“Mammary” by Michelle Bitting

Michelle Bitting


Hawks circle fields near the highway
homing in to catch the scent
of animals deep in the high dry grass.
So many wildflowers in bloom,
watery purples and acid yellows,
I’m dizzy in my car
blazing up the California coast:
Santa Barbara, Pismo, Salinas,
nicknamed The salad bowl of the world
with its patchwork plots
of endive and spinach,
the almighty artichoke
in whose honor Norma Jean Baker
was once crowned queen.
So fresh in her red gingham blouse,
remember? Her elation,
her perky, generous D cups
held up to the leafy bulbs
as everyone cheered. If only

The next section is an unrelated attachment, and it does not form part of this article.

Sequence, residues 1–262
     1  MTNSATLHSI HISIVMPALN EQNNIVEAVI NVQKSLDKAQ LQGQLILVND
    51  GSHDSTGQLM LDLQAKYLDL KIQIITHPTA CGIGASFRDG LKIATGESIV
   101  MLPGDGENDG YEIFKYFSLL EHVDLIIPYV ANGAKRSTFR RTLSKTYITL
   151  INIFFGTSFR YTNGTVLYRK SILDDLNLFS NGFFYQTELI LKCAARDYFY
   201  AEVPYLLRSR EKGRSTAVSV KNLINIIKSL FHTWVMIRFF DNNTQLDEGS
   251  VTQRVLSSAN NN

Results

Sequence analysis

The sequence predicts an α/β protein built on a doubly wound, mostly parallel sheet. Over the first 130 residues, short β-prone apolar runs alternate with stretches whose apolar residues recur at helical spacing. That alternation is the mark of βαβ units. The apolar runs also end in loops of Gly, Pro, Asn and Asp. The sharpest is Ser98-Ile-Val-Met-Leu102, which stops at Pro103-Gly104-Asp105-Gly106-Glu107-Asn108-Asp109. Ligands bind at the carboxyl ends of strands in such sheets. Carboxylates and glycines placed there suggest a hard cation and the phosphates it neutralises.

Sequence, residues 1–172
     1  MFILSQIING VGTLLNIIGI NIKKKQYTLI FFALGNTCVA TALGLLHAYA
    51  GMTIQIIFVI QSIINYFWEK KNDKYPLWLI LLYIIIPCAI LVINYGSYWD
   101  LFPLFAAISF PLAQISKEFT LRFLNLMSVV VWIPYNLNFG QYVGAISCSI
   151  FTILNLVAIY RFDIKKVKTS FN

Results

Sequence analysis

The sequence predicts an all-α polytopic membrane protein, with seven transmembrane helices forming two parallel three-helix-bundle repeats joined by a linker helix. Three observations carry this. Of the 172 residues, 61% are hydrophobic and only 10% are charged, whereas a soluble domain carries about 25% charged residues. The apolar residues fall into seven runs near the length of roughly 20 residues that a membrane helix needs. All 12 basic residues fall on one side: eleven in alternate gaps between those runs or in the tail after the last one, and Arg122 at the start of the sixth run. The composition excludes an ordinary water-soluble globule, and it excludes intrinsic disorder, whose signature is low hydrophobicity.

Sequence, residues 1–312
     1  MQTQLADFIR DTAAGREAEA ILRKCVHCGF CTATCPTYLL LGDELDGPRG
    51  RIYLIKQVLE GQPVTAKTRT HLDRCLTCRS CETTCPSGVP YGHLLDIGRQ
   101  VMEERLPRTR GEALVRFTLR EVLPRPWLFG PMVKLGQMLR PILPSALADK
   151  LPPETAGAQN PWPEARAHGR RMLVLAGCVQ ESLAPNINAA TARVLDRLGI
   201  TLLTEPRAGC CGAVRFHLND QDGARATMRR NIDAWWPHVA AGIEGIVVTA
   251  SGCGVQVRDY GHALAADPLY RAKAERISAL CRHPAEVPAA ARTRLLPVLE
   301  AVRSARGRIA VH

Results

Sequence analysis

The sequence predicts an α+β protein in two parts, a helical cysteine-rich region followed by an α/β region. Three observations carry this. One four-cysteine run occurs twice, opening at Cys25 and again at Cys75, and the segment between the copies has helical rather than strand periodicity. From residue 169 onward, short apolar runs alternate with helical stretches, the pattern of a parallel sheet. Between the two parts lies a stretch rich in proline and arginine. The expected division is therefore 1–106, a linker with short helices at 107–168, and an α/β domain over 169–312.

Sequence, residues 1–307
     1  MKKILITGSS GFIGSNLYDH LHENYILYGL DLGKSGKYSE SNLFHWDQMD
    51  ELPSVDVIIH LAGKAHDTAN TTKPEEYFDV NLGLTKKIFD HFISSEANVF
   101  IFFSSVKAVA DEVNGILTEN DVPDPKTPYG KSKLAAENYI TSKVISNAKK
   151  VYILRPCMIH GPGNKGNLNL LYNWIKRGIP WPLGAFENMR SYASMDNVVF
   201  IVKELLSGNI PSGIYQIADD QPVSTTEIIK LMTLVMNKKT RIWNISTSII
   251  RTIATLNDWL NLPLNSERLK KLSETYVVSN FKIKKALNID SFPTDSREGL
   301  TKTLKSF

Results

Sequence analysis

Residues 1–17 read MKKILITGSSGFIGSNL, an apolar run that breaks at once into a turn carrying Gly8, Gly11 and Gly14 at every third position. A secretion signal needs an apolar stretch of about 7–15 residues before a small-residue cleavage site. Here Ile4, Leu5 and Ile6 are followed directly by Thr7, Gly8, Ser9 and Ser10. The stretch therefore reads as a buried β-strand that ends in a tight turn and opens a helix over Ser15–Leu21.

it stayed so rosy, the tough layers
unstripped, the heart left intact.
If only you weren’t topless
on a gurney, Rachel,
under the scouring glare
of hospital lights,
your own sweet breasts
offered up to the surgeon’s blade.
A hundred miles north
of where you are right now
I’m a slave to this shifting view,
anything to avoid the thought
of your chest picked clean,
tender globes that fed three mouths,
now poison the body’s crop.
So I’ll imagine birds and flight
as the elliptical sweep of sharpness
cuts the pale sky of your chest,
steel beaks of surgical tools
carving out the flesh cream,
making smoke of tumor meat—say goodbye,
pay my respects
and picture them floating up,
slipping through the ceiling cracks,
two blond angels,
flying out
beyond the moon’s milky scar,
they spread their innocence
over the lustrous scrim of L.A.,
those brave, radiant girls
wave and then they’re gone.

from Rattle #32, Winter 2009
2009 Rattle Poetry Prize Honorable Mention

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